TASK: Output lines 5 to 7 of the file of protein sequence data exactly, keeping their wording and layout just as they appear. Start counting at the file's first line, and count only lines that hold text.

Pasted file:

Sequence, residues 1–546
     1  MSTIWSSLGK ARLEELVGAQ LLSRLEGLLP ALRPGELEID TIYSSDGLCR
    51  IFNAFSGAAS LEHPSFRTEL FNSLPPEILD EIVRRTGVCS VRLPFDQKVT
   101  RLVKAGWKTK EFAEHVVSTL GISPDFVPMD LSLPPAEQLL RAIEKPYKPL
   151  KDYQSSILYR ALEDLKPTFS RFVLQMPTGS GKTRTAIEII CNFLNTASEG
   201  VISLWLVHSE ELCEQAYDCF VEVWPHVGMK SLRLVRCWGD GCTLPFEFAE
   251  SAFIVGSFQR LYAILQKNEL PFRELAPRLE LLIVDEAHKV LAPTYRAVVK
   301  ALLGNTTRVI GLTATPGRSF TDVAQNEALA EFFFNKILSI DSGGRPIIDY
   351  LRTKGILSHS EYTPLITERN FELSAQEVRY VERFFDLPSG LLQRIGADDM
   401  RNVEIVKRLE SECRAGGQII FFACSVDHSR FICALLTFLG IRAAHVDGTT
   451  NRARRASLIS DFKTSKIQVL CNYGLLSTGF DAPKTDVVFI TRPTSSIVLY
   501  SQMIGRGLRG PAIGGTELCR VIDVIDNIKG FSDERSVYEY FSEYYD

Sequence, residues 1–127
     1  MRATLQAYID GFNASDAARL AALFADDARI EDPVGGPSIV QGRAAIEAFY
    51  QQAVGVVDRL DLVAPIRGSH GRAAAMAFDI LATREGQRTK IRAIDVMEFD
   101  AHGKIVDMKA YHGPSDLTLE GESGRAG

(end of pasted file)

   151  KDYQSSILYR ALEDLKPTFS RFVLQMPTGS GKTRTAIEII CNFLNTASEG
   201  VISLWLVHSE ELCEQAYDCF VEVWPHVGMK SLRLVRCWGD GCTLPFEFAE
   251  SAFIVGSFQR LYAILQKNEL PFRELAPRLE LLIVDEAHKV LAPTYRAVVK